By Quinton de Villiers
South Africa will soon be taking its first tentative steps towards honouring international commitments to reducing green-house gasses (GHG). This will be done by taxing businesses that emit carbon from industrial processes and through the combustion of fossil fuels.
While an important and commendable move by government that is in line with similar initiatives in other countries of the world, the premature introduction of such a tax will have a far-reaching negative impact on South Africa’s logistics and supply-chains.
This is despite the stellar effort already made by many of the country’s reputable road-transport logistics providers to drive more sustainable and “green” practices.
For example, reputable companies have invested into state-of-the-art information technology to significantly improve the monitoring of and efficient use of fuel, the single largest input and biggest contributor towards the release of carbon emissions by the industry.
Further efficiencies in fuel use have been achieved by the use of the latest generation truck technologies and the training of drivers to operate them at optimal levels.
Solid fleet maintenance and replacement strategies have also reduced the carbon footprint of reputable road transport logistics operations.
The Carbon Tax Bill was introduced by the Ministry of Finance in the National Assembly in mid-November 2018 and is expected to take effect from June 2019.
It is the culmination of an eight-year process that commenced with the publication of the carbon tax discussion paper, followed by the carbon tax policy paper in 2013; the carbon offset paper in 2014; the carbon tax bill in 2015; and the draft regulation on carbon offsets a year later.
During the first phase of its implementation, a number of tax-free allowances will be applicable and the tax will be capped at 95%.
The tax rate will vary between R6 and R48 per tonne, and this will be based on an initial headline rate of R120 per tonne of carbon-dioxide equivalent (CO2e), and various tax-free allowances.
Transport has been classified under the “other” section in the carbon tax policy paper as an industry that also emits GHGs, the lion’s share of which is CO2, followed by small traces of methane (CH4) and nitrous oxide (N2O) that are generated during the combustion of fuels.
This additional cost will only increase the already high price of moving goods throughout the country.
Bear in mind that South Africa’s logistics costs have increased as a percentage of transportable gross-domestic product – earned in the primary and secondary sectors of the economy – since 2010, and are already higher than the global average.
The largest contributor is the high price of mainly imported oil, which is an input that cannot be controlled by government and the road-freight industry, as is evidenced by the rampant diesel fuel hikes in 2018 due to a number of variables.
Eco driving; the use of environmentally-classified commercial vehicles, such as Euro 3, 4 and 5 truck engine technologies; deployment of optimised route planning; as well as the continued measurement of carbon emissions have all greatly assisted in using this finite resource more efficiently.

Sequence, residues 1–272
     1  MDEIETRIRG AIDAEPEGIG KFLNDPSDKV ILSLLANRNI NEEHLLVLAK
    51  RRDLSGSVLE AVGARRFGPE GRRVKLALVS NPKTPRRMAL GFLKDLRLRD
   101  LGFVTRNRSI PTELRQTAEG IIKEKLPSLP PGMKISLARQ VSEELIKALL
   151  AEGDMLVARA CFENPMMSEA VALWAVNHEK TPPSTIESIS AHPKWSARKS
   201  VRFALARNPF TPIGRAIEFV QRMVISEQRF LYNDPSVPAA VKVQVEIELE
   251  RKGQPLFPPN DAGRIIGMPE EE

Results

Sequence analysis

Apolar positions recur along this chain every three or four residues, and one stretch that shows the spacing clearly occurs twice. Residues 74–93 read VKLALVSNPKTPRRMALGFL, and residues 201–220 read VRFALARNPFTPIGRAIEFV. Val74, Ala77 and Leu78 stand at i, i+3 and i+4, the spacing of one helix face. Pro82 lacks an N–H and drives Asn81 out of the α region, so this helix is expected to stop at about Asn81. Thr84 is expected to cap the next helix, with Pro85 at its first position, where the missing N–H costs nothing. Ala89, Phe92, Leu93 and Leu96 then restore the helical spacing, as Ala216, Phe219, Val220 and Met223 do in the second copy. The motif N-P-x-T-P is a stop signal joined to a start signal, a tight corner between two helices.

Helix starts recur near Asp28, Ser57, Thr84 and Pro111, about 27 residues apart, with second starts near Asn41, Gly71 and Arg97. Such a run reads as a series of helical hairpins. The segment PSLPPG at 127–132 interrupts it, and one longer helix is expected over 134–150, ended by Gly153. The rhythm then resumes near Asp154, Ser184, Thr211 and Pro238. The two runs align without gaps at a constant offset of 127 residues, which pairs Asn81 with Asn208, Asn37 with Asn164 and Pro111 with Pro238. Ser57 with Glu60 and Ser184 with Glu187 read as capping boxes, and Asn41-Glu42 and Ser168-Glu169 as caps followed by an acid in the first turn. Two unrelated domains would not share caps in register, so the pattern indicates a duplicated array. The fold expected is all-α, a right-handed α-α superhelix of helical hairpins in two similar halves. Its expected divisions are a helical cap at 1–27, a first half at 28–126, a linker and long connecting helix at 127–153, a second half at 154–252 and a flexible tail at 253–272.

However, a more holistic approach that involves all stakeholders, including the public sector, is required to further reduce the carbon footprint of road transport to establish a truly “green” and environmentally-sustainable local freight logistics system.
An immediate priority is the deteriorating condition of many of the country’s provincial and local road networks, which leads to unnecessary stopping and starting of trucks, as well as the premature replacement of parts and componentry.
This has been exacerbated by highly-congested corridors due to delays in investment into large “brownfields” and “greenfield” road-infrastructure projects to improve the country’s logistics performance.
Long distances between nodes have also contributed towards high logistics costs and the release of large quantities of carbon and particulate matter into the environment.
This is a legacy of the past that used distances to separate communities and can only be addressed by investment into improved spatial planning and infrastructure that supports the development of “smarter” cities of the future.
Due attention must also be given to developing a truly multi-modal freight transport system as part of this plan.
It is also essential that the barriers to the deployment of the latest international truck engine technology in the country be removed.
This, in turn, requires a sizeable investment by both government and the private sector that spans the entire diesel fuel value chain that starts at the South African refineries and spans storage infrastructure and fuelling networks.
Bridgewater Logistics will continue to invest in environmentally-responsible ways of moving product, and play its part in reducing GHGs to help create a cleaner and sustainable environment.
Quinton de Villiers is the founder and managing director of Bridgewater Logistics with a long and impressive track-record in African logistics and security. Follow Quinton at #InTheFastLane for more insights and expert commentary on African transport and logistics.